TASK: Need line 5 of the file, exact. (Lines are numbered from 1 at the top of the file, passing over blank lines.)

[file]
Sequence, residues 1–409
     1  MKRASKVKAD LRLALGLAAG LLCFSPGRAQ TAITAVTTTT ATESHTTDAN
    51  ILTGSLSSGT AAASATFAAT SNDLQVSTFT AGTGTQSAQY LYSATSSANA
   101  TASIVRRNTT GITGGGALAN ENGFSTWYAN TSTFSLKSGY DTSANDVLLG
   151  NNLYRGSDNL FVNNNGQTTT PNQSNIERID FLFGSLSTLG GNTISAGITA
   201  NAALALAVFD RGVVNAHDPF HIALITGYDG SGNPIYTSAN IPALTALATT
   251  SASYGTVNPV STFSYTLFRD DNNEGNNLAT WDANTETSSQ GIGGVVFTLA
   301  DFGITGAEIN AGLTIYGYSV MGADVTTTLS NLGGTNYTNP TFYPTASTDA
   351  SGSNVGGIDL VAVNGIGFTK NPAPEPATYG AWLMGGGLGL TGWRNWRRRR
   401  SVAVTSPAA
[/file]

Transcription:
   151  NNLYRGSDNL FVNNNGQTTT PNQSNIERID FLFGSLSTLG GNTISAGITA